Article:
(Reuters) – Television journalist and founding president of Cable News Network (CNN), Reese Schonfeld, who started the cable television network with media entrepreneur Ted Turner, died on Tuesday, U.S. media reported.
Schonfeld, who was 88, died after complications from Alzheimer’s disease, the New York Times reported.
Schonfeld launched CNN with Turner in 1980, becoming chief executive of one of the first all-news cable TV networks to provide Americans with round-the-clock coverage.
Under Schonfeld, CNN launched its Crossfire show, in which hosts Pat Buchanan and Tom Braden conducted political debate from the perspective of both the left and the right sides of issues.
The Newark-born TV journalist, who was formally trained as a lawyer, also started News 12, the first 24-hour local news channel on Long Island, New York. He also started the Food Network – another cable TV network – in the early 1990s.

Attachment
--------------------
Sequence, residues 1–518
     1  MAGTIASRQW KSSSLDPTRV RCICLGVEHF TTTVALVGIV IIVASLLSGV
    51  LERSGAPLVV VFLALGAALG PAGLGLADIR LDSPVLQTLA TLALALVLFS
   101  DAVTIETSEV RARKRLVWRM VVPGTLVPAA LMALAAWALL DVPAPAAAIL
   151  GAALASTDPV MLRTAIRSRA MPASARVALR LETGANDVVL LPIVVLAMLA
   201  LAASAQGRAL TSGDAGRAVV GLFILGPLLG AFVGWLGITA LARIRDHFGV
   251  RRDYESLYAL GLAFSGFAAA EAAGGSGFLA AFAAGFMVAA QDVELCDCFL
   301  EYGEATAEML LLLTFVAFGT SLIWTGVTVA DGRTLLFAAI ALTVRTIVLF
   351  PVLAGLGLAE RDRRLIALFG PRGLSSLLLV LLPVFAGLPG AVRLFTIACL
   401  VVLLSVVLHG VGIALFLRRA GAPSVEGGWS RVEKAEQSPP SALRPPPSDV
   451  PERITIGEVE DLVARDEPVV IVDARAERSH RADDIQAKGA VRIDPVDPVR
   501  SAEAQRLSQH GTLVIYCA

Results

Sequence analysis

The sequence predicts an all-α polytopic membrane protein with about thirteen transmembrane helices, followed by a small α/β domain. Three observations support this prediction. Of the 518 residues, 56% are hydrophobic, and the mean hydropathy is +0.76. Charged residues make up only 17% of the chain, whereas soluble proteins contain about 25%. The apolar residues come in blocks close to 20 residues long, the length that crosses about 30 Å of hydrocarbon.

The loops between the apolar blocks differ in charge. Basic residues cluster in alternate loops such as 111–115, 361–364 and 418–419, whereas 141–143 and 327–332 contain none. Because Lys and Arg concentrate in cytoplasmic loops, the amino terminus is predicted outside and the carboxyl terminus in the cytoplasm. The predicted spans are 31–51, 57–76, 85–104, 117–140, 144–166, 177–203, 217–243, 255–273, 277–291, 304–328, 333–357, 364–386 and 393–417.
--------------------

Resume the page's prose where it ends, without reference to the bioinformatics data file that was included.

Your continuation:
Years before teaming up with Turner, Schonfeld ran an independent news company that provided news footage to local news stations.
It was because of Schonfeld’s new judgement and Turner’s know-how of satellite television that CNN came into being.
It was also when the U.S. Federal Communications Commission reduced regulations, leading to many independent businesses starting cable news networks.
Reuters was not able to contact a representative of Schonfeld or his family for comment.
(Reporting by Aakriti Bhalla in Bengaluru; Editing by Robert Birsel)